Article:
Several trustees want to help businesses find Caledonia — something village staff and Dobbs already work with Racine County Economic Development Corp. to achieve — and then help them get their visions fulfilled faster.
Weatherston suggested rescheduling Plan Commission meetings to be immediately before Village Board meetings (as Mount Pleasant does), rather than having a minimum of a week between plan approvals and final votes. Yorkville and Norway also hold joint meetings of their municipal boards and plan commissions.
“This is how business should be done. Not dragged out and dragged out and dragged out,” Weatherston said.
“(We are) pushing things off, kicking the can down the road,” Trustee Dave Prott added. “I do think we still have a bad rap here with developers wanting to come here and do business with us.”
Trustee Fran Martin, often a minority voice on the board, is concerned that expediting processes could lead to more residents feeling unheard.
“There are sometimes valid citizen concerns,” she said, claiming that speeding up the process could leave valid concerns unaddressed.
Most of the Village Board and at least one developer think the village needs to be more proactive behind the scenes, connecting with business people who may want to move their operations into Caledonia — on top of the village’s partnership with the RCEDC.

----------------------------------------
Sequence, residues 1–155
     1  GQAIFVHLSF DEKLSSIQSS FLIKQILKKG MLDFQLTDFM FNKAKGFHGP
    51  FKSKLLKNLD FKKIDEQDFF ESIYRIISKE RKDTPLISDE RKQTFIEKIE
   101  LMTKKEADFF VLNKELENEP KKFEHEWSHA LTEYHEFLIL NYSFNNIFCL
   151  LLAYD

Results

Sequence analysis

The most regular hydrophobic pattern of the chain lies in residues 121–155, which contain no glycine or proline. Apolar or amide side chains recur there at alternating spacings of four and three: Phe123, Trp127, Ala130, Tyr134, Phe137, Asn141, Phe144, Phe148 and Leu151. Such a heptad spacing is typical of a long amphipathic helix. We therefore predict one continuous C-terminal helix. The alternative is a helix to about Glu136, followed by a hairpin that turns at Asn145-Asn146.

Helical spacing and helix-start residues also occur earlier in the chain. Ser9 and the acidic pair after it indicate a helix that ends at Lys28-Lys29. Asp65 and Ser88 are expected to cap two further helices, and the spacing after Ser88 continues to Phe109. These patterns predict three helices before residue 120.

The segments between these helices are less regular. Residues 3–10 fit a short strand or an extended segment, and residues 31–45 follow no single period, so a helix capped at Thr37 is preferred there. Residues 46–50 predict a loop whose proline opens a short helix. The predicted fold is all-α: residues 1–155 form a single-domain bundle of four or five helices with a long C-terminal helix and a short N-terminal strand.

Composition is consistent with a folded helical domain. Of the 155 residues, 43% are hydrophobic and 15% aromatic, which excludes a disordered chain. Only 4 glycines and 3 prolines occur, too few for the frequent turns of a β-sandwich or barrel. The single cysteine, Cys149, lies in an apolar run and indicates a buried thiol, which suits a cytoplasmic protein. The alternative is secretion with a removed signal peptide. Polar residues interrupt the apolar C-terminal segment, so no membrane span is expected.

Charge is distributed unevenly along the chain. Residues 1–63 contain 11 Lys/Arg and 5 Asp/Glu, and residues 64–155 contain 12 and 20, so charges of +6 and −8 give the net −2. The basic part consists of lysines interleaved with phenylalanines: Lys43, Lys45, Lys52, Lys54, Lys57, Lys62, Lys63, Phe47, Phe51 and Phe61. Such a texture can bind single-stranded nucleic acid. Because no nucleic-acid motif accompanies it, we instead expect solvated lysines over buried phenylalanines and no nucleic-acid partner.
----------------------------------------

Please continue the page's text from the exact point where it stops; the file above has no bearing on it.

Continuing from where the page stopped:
Nancy Washburn, a development consultant, told Caledonia’s elected officials on Tuesday: “You have a great opportunity now.” Why? “Because we have Foxconn.”
Considering her past work and residential development success in the village — an expansion to the Prairie Pathways subdivision she works with was approved on Monday — Washburn said that she believes Caledonia’s reputation as the Village of No “is kind of unfounded … I feel bad that they’ve got that reputation.”
Still, that reputation exists. Municipal leaders want to change that.
“We can’t just sit back and wait and see who shows up,” Martin said.
Dobbs added: “I’m listening to anybody who comes in with any kind of project.”
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“I’m listening to anybody who comes in with any kind of project.”
Jim Dobbs, Caledonia village president